If you're a sport truck enthusiast in the Sunshine State, you probably already know about Slamfest and Mini Madness. The club's long-running event has been a Florida favorite for more than a decade. Mini Madness, headquartered in Brandon, Florida, with members located throughout the state, is celebrating its thirteenth year as a club. For the past 12 years, the club has been inviting friends from around the country to its legendary end-of-the-year blowout.
Regulars at Slamfest know that the easy flow from check-in to the final awards presentation is carefully orchestrated, with procedures refined over the years. To the event's first-timers, the show seems to transition seamlessly from one cool event to the next, with hardly a break in the action.
The Florida State Fairgrounds is the ideal location, with plenty of room to display your truck, space for hundreds of vendors, and air-conditioned indoor spaces that provided a break from the mild October sunshine. This past year was the first time the show was held in October, moved from its traditional November time slot to eliminate conflicts with other popular November automotive events.
Games are a Slamfest tradition and amazingly, everybody plays. Clubs engage in good-natured rivalry just to be able to joke later that "We won!" The burnout contest always draws an active field with strong players on both sides. The big-inch rear-drive V-8s use brute force, while the front-drive four-cylinders use high-tech finesse. Both factions have their fans, and both groups can blow tires at will, to the delight of everyone in the crowd. Winners get new rubber, while losers get a handshake and directions to the Falken store.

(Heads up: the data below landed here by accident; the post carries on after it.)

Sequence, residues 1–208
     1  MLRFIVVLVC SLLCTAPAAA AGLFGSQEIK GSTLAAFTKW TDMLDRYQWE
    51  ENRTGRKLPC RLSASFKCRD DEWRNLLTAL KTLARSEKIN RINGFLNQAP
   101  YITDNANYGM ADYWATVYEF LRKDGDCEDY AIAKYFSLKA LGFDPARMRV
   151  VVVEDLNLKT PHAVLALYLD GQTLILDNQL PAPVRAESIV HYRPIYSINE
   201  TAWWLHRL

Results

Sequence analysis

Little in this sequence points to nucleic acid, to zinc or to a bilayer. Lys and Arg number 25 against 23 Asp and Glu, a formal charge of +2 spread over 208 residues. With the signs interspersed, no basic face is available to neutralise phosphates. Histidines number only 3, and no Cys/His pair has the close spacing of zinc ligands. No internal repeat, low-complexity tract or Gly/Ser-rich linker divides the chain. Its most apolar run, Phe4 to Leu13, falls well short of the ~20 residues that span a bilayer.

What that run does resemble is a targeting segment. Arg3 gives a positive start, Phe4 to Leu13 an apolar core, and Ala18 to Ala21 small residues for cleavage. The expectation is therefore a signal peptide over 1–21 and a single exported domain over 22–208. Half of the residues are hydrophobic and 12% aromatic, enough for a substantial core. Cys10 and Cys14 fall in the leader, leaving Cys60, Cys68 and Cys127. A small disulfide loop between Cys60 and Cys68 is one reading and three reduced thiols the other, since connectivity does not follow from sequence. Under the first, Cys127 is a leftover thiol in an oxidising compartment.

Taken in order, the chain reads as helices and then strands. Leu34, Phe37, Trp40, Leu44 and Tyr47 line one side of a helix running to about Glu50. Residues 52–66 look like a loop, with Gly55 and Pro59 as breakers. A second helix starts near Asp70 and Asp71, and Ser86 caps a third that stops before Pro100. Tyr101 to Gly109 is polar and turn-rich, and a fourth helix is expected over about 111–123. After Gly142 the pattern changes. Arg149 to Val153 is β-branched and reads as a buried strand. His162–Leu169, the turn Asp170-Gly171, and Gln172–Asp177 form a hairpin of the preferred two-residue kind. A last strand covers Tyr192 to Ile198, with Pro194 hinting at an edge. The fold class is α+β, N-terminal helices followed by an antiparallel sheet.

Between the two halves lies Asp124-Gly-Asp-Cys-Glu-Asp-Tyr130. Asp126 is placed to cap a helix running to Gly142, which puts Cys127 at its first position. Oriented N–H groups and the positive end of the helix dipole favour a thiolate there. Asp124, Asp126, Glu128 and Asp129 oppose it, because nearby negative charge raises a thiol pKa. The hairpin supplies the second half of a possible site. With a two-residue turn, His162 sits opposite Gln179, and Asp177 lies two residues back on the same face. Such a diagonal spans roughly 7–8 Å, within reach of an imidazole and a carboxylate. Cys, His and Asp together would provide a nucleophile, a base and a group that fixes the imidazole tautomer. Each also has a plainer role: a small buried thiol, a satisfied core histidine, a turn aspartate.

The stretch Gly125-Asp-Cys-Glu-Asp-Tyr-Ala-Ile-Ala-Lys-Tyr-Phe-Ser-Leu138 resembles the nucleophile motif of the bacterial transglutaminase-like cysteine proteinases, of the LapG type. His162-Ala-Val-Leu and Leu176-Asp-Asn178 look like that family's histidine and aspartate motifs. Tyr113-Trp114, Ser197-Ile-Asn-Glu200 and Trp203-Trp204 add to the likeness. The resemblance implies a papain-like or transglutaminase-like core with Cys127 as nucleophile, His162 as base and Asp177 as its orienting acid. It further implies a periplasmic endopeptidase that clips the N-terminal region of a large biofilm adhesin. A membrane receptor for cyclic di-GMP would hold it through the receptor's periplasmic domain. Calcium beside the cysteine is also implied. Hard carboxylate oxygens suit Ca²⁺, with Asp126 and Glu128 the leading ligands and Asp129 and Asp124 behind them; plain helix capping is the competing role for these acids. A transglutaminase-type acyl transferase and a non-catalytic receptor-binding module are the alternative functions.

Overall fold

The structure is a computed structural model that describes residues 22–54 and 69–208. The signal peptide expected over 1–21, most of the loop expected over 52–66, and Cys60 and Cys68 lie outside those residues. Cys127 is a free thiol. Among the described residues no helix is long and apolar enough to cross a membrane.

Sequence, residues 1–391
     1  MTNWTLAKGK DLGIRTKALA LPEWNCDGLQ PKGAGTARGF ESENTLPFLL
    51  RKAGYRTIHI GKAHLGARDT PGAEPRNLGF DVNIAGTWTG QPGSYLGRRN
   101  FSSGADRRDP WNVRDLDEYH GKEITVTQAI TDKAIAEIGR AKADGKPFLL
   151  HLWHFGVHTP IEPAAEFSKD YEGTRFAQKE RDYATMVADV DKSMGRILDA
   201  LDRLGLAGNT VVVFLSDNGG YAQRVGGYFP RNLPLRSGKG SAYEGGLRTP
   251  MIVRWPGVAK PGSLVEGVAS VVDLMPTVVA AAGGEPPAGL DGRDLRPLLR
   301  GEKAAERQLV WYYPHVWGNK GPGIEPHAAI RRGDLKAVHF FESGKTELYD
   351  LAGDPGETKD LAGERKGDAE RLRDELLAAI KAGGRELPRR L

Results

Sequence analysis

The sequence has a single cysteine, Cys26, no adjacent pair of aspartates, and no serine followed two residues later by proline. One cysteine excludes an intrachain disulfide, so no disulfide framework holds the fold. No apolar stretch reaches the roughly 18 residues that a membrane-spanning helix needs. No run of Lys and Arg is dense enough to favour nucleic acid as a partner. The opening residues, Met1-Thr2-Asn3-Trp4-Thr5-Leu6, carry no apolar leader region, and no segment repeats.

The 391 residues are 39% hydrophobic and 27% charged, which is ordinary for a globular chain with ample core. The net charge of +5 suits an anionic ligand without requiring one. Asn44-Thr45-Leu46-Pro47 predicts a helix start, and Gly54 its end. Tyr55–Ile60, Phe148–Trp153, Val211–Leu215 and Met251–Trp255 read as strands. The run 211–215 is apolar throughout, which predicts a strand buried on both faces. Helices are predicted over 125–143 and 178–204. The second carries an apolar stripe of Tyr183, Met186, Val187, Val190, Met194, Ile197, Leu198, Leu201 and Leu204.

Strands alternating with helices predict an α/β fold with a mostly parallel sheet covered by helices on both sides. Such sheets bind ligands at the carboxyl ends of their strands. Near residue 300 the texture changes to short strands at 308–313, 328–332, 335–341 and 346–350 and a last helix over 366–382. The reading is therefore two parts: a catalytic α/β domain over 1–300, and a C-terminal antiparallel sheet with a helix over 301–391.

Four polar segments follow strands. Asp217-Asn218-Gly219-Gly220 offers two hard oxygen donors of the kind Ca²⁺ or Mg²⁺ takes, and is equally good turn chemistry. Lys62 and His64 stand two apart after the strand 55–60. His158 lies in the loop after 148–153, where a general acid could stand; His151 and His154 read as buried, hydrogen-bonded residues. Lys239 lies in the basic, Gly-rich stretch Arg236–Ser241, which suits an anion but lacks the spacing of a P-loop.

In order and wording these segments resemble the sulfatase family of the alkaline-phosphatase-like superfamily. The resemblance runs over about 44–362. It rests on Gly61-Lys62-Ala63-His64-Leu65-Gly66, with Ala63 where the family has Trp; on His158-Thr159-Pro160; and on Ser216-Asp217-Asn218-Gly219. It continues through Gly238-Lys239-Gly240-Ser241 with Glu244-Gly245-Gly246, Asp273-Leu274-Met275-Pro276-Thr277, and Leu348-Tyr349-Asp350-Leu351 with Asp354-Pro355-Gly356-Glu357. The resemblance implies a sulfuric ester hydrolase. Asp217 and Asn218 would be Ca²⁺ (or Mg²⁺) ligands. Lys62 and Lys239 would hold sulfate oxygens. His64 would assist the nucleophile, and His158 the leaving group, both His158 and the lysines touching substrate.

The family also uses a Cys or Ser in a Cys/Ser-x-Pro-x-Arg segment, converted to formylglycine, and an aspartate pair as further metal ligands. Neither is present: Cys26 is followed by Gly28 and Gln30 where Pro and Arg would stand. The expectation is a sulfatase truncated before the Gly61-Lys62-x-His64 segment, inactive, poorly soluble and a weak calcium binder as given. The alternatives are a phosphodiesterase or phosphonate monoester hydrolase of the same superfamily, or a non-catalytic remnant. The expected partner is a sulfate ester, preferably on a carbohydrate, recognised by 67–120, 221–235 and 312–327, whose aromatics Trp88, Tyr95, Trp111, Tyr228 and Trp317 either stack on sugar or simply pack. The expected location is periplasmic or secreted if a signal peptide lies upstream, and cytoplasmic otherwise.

The bikini contest is always a favorite, and the prize money helps attract the best of the best. More than a dozen of the Southeast's hottest girls slipped into something skimpy for the occasion, and the crowd roared in approval. A dozen or so runway walks later, Stephanie captured the crowd, the judges, and the $500, in that order.
The end of the bikini contest meant the beginning of the awards ceremony, a particularly intense time for the 1,500 competitors at this year's event. Everyone can't take home a trophy, but the odds were very good, with 150 hearing their name called from the stage. A few achieved special recognition, such as Joe Schmelzer's fabulous '95 S-10, taking Best of Show. Joe detailed every inch of the body-dropped truck, inside and out; set it on 18s and 20s; then painted it Orange Metallic and Ice Silver. He took the trophy along with $500 in cash. The coveted Mini Madness pick went to Jason Robichaux and his beautiful slammed '99 Chevy dualie. Loaded with exquisite detail and sporting a one-of-a-kind fiberglass interior, the truck earned Jason a cool $1,000.
If you'd like a shot at some special recognition of your own, shine up your wheels and check out Florida's favorite fall show. Dates for 2004's Slamfest are October 2 and 3. Get details about this year's show at www.minimadness.com.